Date of Award


Document Type

Open Access Thesis

Degree Name

Master of Social Work (MSW)


Social Work

First Advisor

Laura Boisen, PhD

Second Advisor

Lois Bosch, PhD

Third Advisor

Michael Schock, PhD


It is widely agreed that social work has an emotional and stressful load that can lead to social worker burnout. Burnout needs to be clearly defined and the different variables causing stress leading to burnout need to be fully understood in order to implement appropriate preventative strategies. Burnout is defined as the emotional depletion felt from a continuous drain on one's personal reserves. Burnout has three different components: emotional exhaustion, depersonalization, and lack of personal accomplishment. The findings suggest that the type of supervision has an impact on social worker burnout. Supervision is divided into its three functions: administrative, educational, and supportive. Social workers receiving supportive supervision experience lower levels of burnout. A mailed survey was distributed to 165 Minnesota NASW Metropolitan area members. Questions were asked regarding respondents current experience of any burnout symptoms and their experience with receiving adequate supervision. The items were both quantitative and qualitative. The response rate was fairly good (60, or 36%, of the 165 surveys were returned). Results of those who completed and returned the surveys found that supportive supervision is a preventative measure against social worker burnout. Additional findings suggest that all areas of supervision provide social workers with necessary resources that can protect social workers from burnout. This study adds to the burnout body of research addressing the relationship between adequate supervision and the prevention of burnout.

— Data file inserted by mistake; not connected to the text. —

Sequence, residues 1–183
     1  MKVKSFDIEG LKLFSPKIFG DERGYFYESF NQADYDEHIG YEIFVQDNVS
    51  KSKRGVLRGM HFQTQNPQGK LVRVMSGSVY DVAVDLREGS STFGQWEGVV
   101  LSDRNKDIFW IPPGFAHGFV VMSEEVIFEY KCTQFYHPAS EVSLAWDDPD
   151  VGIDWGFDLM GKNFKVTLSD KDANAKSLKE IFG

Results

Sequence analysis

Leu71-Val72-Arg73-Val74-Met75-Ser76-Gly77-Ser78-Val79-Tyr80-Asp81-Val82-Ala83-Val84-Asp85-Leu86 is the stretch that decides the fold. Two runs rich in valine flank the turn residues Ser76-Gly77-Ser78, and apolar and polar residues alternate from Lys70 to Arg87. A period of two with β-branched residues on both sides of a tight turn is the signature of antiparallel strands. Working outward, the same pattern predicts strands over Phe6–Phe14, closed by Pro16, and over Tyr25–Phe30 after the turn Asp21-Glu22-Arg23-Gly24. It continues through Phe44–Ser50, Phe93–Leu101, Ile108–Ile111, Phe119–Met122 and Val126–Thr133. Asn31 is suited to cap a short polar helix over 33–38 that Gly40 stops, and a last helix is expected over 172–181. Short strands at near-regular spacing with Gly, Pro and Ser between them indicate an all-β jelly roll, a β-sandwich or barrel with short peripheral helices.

SC 11.MSW.2004.Jarl.KL

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Social Work Commons